Yeah, it really, the intimacy between them, that lack of any kind of physical friction, you know, that’s just…Like, if you were like, now go be one person, they would just walk into each other.

Totally. You could tell that they felt such a freedom being vulnerable together. That just felt so natural to them. So I felt very honored. I remember I was very quiet during that shoot. I didn’t participate a lot because I really just wanted to observe their dynamic and I wanted them to forget that I was there.

Momka, 2016

Do you do a lot of work within these sessions to create that kind of feeling of intimacy, normally?

I think that just because of my history and the way I was raised and just who I am as a person has really made it easy for me to be in that environment and be a calming energy for other people. I don’t think it’s something I consciously do, but it’s just natural to me to keep the focus off of myself.

My trauma makes me a great photographer.

Ha…oy! The Madonna Inn session. What do you remember about those photos?.

That was a big “winging it moment.” I wish I had done more, instead of just, I don’t know, sometimes I’ll be shooting and think, “I know this is too dark,” but I don’t do anything in the moment about it. And I wish that I had, but it was also one of those, like I said, we were winging it.

That location is so inspiring and beautiful and yeah, I wish we had more time.

A Day at the Inn, 2017

What about the self-portrait photo essay.

Mhmm. Well, sorry to all of my aunt’s that bought copies of this book.

Hahaha. Because I when I first discovered your work, on Tumblr, self-portraiture was a heavy heavy part of your practice.


How has that changed for you over the years?

Hmm. It’s changed a lot. I don’t love to be the center of the work anymore, but I remember, at that time when everything was so self-portrait heavy, a lot of that just had to do with the fact that technically, I didn’t know what I was doing and I had never photographed a model before. I had taken photos of my friends and…I used to make my little sister do a bunch of stuff, weird shit for me in high school.


But the self-portraiture time, the Tumblr time…I was very sad and I think it was the only way I knew how to express myself.


And it still kind of is…photography is how I make sense of everything. How I make sense of the way I feel. And yeah, it was 2014 or something that I had my first shoot with a model, and then everything opened up, it was just like, “holy shit, let’s go” and then I was non-stop shooting.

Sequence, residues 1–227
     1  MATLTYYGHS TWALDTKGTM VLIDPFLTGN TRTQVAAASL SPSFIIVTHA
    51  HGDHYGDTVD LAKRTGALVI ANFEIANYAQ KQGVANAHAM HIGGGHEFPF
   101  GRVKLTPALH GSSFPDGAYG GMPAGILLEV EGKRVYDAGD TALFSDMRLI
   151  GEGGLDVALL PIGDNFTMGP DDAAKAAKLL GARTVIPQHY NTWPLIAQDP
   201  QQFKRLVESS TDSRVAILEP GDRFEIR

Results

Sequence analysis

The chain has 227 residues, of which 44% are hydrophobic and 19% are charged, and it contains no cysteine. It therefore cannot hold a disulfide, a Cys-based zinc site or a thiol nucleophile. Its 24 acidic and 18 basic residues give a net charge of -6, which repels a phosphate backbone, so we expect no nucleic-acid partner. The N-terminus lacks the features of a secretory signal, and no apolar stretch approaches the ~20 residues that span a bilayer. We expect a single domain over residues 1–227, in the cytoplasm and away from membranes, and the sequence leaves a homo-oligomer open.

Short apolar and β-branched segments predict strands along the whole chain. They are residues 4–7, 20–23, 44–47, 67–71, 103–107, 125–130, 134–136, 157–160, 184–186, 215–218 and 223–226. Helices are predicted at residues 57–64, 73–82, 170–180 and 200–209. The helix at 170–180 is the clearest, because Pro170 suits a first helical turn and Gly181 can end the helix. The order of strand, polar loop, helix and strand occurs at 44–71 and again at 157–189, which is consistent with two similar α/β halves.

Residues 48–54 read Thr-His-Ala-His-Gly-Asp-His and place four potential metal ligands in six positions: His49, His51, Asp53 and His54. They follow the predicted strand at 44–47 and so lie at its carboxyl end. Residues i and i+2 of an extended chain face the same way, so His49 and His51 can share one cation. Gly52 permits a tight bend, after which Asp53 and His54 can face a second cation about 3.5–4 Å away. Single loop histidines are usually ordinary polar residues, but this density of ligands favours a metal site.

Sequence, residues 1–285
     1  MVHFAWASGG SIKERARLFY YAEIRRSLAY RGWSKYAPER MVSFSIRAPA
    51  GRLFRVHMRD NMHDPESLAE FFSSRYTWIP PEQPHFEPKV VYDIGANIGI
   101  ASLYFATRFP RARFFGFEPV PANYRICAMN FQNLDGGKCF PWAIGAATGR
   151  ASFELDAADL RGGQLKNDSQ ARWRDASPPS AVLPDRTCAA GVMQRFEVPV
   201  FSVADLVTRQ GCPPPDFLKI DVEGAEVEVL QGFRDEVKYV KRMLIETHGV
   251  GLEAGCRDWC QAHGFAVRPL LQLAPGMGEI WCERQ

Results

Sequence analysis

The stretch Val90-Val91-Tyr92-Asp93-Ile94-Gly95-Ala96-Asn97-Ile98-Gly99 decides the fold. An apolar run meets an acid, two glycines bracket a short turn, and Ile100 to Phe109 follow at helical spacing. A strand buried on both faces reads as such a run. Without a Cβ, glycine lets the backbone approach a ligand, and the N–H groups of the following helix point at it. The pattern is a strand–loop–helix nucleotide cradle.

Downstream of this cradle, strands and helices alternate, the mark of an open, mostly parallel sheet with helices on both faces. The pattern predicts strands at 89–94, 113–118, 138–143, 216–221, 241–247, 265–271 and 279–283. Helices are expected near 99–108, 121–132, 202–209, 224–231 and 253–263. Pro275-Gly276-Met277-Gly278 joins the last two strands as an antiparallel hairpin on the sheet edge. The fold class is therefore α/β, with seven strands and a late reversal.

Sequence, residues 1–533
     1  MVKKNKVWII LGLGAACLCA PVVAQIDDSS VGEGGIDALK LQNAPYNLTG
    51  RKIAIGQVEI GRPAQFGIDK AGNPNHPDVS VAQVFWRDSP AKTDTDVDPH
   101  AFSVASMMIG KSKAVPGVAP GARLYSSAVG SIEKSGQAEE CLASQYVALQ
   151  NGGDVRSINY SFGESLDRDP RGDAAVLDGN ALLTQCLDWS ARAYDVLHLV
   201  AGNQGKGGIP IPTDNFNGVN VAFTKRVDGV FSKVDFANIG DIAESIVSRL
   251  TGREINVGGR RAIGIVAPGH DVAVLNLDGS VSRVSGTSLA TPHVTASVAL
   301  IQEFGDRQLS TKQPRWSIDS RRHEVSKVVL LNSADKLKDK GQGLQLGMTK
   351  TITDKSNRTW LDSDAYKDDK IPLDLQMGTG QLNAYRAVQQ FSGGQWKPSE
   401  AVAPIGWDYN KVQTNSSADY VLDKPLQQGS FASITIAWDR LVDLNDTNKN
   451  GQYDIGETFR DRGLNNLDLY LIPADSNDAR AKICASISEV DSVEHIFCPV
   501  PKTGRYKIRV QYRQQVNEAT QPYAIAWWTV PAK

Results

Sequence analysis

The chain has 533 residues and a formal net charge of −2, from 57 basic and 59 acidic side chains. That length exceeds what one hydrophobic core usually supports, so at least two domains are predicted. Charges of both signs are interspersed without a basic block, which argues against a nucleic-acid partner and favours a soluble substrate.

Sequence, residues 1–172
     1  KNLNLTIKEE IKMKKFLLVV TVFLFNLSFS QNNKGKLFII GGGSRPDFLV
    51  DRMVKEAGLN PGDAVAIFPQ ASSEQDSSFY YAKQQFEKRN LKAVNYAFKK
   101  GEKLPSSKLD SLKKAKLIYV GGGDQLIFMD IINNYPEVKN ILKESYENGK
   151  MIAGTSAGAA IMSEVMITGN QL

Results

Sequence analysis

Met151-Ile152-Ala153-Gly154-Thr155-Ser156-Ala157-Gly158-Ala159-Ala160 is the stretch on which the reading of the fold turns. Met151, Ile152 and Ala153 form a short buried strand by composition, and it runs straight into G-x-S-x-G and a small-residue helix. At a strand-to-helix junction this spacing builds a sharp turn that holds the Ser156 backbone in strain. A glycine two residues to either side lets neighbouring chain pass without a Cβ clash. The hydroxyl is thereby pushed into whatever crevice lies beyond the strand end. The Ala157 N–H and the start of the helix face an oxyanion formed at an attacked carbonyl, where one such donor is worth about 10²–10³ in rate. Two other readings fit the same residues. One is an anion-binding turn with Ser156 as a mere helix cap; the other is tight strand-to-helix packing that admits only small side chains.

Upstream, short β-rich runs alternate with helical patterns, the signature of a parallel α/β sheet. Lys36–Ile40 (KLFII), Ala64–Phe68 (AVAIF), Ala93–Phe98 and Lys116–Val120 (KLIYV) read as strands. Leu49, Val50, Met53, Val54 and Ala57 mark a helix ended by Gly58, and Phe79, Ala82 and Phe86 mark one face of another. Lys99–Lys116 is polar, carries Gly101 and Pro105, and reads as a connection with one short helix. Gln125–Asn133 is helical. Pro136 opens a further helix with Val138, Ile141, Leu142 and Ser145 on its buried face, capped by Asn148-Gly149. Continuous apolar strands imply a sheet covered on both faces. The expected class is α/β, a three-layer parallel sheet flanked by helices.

Who was the model, do you remember?

I do, her name’s Caitlin Michelle. She was a full-time, traveling nude model. And that change, she was really good, too. It was so overwhelming, photographing someone else that knew their body and knew how to inspire a photographer. So that was cool.

With this series that you included in the book. What were you after?

Hmm. I remember, I wanted it to be extremely vulnerable.

Oh, yeah.

And there were photos of my partner and I in the essay that I ended up…I think they were in the original edit of the book and, you know, we’re still together, but I was just like, those feel a little too vulnerable for me now. I wanted to keep the focus on myself and where I was at that time. I mean, I was 29 when I did those, it feels like a long time ago.

Do you feel very far away from the person in those photos?

Yes and no. I mean, I’ve evolved so much, but I still feel very connected to that person, and when I read the intro, I remember writing that and it takes me right back to how I felt at that time. And then I lived in that house for four more years after that.

In This Place, 2017

So you were there for nine years.

Yeah I was there for nine years. And so I made these, I really wanted them to be like how I felt in this house that I lived in and how much I grew as a person there. I’m really happy, I still love this essay so much.

Yeah, it really feels like it captures everything you were doing at that time, artistically.

Yeah, and I specifically chose like areas of the house where I spent a lot of time, as well, the kitchen table ones with the carrots and all that, and then, my studio, obviously, the bathroom, spent so much time in that bathroom. But yeah, these photos are very me.